China clones a pair of Tibetan GOATS

China has claimed that it has successfully cloned the first Tibetan goats using the same technique that produced the world’s first cloned animal, Dolly the sheep. 

Scientists said the goat clones were created by somatic cell cloning, which involves transferring the nucleus of an adult cell into a new egg cell. The egg is then implanted in a surrogate mother who gives birth to a baby that has zero percent of her DNA but 100 percent of the donor’s.

The first-born weighed 7.4 pounds and ‘is healthy,’ according to a video from the state-owned news channel China Central Television, but there has been no mention of the second goat.

They were cloned from massive, prize-winning male goats who are desirable for breeding.

Chinese scientists said they are doing this to ‘restore and preserve’ the genetic material from ‘excellent individuals’ in the population – a difficult process for breeders and herders. 

‘Through cloning, the genetic information can be completely copied,’ said lead researcher Su Jianmin with Northwest Agriculture and Forestry University.

‘With making full use of excellent breeding rams, as well as fully utilizing and expanding their genetic resources, we provide our scientific and technological strength to increase the income of local farmers and develop the local breeding industry.’

The team intend to clone the goats who produce the largest quantities of valuable wool, scientists said.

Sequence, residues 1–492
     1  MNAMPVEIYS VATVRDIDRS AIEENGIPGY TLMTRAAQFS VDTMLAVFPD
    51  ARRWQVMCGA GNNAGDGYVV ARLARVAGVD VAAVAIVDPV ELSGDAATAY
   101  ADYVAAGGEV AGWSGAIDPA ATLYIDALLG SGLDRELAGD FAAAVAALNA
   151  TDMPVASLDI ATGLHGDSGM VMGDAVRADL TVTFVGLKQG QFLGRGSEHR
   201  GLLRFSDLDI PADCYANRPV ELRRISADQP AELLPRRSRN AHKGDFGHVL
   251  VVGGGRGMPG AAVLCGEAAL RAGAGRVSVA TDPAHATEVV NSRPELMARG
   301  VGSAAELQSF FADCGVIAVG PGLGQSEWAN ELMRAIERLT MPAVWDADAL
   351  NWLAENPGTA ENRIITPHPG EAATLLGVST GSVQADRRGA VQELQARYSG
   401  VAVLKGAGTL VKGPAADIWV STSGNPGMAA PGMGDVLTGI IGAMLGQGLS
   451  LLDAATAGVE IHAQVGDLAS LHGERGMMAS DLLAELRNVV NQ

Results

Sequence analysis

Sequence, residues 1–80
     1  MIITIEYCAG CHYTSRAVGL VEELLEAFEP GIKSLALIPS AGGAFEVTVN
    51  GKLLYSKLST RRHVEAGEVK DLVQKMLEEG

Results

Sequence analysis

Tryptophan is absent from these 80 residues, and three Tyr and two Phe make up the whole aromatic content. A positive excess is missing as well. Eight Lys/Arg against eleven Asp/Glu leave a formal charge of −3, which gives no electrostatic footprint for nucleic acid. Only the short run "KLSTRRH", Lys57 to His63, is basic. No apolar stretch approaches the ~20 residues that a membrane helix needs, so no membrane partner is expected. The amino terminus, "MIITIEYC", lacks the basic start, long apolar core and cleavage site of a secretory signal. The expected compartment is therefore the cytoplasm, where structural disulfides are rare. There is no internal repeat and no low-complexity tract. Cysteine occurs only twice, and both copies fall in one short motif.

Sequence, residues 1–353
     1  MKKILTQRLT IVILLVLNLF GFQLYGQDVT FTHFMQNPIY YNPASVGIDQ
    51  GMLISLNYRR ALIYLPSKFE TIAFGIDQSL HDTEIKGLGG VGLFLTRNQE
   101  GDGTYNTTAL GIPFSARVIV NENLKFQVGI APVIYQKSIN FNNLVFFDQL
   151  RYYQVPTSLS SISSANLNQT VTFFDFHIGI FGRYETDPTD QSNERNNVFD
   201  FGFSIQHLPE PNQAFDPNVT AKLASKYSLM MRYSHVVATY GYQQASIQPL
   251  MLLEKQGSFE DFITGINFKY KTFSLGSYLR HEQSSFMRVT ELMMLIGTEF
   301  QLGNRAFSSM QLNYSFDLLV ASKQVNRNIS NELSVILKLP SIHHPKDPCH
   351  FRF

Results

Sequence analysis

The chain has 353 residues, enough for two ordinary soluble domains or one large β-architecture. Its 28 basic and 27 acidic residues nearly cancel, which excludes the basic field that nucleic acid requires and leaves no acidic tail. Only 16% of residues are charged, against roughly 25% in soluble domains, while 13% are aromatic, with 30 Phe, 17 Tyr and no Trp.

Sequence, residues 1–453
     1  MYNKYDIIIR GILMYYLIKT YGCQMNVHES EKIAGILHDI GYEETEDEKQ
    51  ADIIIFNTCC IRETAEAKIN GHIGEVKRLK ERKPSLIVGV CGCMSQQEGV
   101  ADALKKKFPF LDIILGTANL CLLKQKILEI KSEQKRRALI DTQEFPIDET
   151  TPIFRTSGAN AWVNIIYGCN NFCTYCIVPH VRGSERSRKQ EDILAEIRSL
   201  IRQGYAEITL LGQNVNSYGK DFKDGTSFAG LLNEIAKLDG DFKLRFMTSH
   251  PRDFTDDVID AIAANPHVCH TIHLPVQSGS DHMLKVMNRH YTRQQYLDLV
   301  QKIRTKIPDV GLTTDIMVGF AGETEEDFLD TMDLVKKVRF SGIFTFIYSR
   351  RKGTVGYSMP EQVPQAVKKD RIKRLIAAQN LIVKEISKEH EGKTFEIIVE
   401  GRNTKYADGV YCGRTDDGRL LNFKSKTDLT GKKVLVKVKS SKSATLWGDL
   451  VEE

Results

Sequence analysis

For the long term, they want to clone the male goats that can sire the best wool producers.

Chinese media reports announcing the scientific breakthrough have been sparse on details, but they did disclose that the animal was produced by somatic cell cloning in Qinghai Province.

This is the same technique that was used to produce the famed Scottish sheep Dolly.

Somatic cell cloning, also called somatic cell nuclear transfer or just nuclear transfer, is simple in concept but difficult in execution.

It involves taking the DNA out of the cell from a donor – in this case a body cell, as indicated by the word ‘somatic.’

Then an egg cell has its DNA removed, to be replaced with the donor’s DNA.

This altered egg cell is then implanted in a surrogate, who gives birth to a baby that is genetically identical to the animal that donated the body cell.

With the Tibetan goats, the somatic cell DNA came from three ‘excellent breeding rams,’ and the egg came from a single ewe.

These rams were the cream of the crop, each weighing nearly 900 pounds and having won prizes in breeding competitions. 



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